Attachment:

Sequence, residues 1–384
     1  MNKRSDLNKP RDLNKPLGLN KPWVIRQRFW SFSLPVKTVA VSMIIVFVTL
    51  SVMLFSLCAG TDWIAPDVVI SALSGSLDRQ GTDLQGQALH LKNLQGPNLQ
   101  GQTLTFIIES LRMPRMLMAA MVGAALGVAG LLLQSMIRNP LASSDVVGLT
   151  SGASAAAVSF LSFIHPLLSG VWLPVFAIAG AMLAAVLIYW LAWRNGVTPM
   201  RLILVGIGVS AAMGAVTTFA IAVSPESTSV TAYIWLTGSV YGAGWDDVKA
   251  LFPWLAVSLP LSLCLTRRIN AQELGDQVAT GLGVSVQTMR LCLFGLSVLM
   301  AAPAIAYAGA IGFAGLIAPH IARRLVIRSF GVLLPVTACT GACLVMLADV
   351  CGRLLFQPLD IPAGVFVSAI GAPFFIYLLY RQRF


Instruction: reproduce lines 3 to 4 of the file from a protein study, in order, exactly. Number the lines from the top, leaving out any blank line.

    51  SVMLFSLCAG TDWIAPDVVI SALSGSLDRQ GTDLQGQALH LKNLQGPNLQ
   101  GQTLTFIIES LRMPRMLMAA MVGAALGVAG LLLQSMIRNP LASSDVVGLT